Ten Imperatives for Internal Audit
CBOK report from The IIA’s Research Foundation offers direction in a rapidly changing world
VANCOUVER, B.C. (July 7, 2015) — Organizations are relying increasingly on internal audit to provide insight on operational, business, and strategic risks, especially as cybersecurity and other geopolitical challenges loom prominently.
As these risks emerge at ever-accelerating speeds, internal auditors will need to develop new skills, improve stakeholder relationships, and lean on technology to keep pace. In response, The Institute of Internal Auditors Research Foundation (IIARF) today unveils Driving Success in a Changing World: 10 Imperatives for Internal Audit.
The thought leadership, developed from data gleaned from The IIA’s Global Internal Audit Common Body of Knowledge (CBOK) practitioners’ survey, offers direction to help internal audit professionals expand their skills and add value to their organizations.
“Internal audit needs to demonstrate its willingness and ability to overcome the new challenges posed by today’s dynamic business environment,” said IIA President and CEO Richard F. Chambers, CIA, QIAL, CGAP, CCSA, CRMA. “The tools, techniques and insights provided by the 10 Imperatives report provide a strong foundation for getting started.”
The 10 Imperatives report, released at The IIA’s annual international conference, identifies key areas where internal audit must excel in order to meet new and dynamic challenges head on, such as anticipating stakeholder needs, developing forward-looking risk management practices, enhancing audit findings through greater use of data analytics, and investing in personal professional growth.
The report’s authors, IIA Senior Vice Chairman of the Board Larry Harrington and awarding-winning business writer Arthur Piper build their insights and conclusions on data from the survey, concluding that internal auditors who invest in themselves to meet future challenges will greatly benefit themselves and their organizations.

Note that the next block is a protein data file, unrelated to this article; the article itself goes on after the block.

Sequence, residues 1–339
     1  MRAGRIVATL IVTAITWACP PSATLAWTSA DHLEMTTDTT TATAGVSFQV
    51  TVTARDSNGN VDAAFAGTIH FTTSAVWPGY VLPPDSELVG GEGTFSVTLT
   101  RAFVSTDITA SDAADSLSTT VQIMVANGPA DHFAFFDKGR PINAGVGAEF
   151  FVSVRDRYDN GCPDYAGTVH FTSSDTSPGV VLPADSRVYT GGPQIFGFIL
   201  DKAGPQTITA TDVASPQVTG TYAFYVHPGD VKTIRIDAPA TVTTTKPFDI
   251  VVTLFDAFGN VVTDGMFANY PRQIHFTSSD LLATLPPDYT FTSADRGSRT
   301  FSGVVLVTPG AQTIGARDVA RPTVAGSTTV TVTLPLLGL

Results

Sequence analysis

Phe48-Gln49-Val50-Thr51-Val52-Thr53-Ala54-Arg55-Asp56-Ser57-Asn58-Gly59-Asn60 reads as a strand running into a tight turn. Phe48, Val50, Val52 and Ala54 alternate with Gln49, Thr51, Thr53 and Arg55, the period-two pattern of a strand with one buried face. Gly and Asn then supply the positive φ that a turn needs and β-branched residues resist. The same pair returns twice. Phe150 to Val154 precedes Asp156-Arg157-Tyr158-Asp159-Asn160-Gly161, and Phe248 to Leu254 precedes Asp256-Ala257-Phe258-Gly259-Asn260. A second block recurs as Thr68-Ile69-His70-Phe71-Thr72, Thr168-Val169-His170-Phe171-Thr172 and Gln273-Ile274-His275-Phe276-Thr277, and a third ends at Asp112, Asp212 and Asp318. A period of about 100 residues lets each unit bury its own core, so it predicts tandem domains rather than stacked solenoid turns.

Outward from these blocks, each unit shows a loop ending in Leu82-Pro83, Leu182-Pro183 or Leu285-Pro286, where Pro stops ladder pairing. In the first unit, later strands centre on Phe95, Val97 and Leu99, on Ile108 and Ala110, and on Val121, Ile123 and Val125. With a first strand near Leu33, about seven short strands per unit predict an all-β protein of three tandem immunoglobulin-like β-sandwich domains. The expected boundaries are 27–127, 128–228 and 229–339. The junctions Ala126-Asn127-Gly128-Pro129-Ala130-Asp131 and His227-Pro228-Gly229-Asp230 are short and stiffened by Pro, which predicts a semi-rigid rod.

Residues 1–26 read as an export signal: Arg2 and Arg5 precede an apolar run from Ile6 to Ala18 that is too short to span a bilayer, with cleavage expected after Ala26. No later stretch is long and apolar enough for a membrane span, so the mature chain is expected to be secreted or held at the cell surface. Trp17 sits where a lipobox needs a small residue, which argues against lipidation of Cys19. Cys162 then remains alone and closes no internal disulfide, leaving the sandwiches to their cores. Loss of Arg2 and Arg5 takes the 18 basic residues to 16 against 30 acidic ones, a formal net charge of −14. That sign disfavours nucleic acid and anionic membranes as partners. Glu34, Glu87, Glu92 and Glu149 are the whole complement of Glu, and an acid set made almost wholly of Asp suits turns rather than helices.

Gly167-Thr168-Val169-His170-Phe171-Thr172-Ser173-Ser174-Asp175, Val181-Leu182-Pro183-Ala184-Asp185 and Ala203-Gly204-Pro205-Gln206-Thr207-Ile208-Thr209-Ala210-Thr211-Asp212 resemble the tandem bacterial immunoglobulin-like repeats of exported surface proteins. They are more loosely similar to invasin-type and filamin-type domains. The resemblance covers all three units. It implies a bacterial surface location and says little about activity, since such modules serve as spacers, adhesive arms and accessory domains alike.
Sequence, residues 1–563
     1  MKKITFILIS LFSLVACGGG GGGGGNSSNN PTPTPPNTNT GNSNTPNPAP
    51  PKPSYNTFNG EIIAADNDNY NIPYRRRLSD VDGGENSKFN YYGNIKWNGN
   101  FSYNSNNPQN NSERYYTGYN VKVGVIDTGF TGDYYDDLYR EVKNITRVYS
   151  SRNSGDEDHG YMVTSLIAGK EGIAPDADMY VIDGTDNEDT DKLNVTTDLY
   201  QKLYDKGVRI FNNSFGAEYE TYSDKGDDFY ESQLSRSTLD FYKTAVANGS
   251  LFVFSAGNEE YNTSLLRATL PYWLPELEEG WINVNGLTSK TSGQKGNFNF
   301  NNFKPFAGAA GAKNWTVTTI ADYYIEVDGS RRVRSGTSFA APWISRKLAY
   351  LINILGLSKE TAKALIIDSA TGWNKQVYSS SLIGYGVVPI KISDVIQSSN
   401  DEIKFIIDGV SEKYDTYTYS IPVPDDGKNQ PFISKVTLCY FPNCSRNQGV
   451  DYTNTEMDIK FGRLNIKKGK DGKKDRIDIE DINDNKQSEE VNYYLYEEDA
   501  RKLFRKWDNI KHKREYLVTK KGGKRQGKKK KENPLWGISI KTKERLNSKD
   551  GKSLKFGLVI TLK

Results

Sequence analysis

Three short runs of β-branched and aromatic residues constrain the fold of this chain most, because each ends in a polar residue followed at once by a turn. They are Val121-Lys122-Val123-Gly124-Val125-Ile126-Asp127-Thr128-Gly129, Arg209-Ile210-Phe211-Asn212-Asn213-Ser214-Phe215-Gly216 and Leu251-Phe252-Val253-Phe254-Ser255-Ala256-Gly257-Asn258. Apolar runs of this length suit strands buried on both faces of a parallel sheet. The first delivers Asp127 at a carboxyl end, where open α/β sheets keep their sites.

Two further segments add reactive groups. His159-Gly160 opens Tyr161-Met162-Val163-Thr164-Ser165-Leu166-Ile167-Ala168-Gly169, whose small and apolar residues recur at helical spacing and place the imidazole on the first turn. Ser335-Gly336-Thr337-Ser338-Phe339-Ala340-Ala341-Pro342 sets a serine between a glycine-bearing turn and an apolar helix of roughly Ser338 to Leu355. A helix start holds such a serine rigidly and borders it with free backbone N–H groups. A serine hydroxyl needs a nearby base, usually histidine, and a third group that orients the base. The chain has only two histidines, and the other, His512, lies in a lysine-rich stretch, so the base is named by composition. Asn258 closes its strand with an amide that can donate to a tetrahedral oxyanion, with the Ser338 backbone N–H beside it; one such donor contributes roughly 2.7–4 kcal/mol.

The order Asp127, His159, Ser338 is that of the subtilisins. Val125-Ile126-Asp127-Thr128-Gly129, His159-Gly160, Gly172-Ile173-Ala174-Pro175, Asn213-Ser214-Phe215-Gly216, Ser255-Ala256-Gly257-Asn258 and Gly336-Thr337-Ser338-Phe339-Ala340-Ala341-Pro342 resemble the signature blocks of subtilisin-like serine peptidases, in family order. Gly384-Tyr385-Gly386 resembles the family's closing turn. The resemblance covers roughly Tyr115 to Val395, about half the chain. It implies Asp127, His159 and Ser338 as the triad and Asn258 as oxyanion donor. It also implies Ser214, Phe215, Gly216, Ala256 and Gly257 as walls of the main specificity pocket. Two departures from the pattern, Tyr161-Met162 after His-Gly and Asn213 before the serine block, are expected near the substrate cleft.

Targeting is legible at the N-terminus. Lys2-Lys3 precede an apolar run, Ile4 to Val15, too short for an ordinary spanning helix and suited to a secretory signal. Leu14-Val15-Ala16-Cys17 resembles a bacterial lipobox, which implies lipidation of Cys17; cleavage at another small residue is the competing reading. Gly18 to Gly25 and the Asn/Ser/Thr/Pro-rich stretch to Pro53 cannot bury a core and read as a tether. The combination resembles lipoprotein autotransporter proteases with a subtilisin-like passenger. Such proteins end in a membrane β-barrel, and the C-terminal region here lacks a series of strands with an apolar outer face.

“The emerging risk landscape presents internal auditors with unprecedented opportunities,” the report’s conclusion reads in part. “Internal auditors are ideally positioned to play a leading role in the success of their organizations with their unique understanding of business goals and strategic objectives, and their ability to see the impact of risks across the entire enterprise.”
The 10 Imperatives report is the first of more than two dozen planned over the next year based on information from the practitioners’ survey, which was conducted earlier this year in 23 languages drawing more than 14,500 responses from internal audit practitioners representing 166 countries and territories.
A companion survey of internal audit stakeholders is currently underway. The results of this combined research will provide a rich overview of how the profession is currently being practiced and help anticipated future changes.
CBOK reports and related content will be available for free through the CBOK Research Exchange, thanks to support and contributions from individuals, organizations, and IIA institutes around the world. CBOK is administered by The IIA Research Foundation and funded by the William G. Bishop III, CIA, Memorial Fund.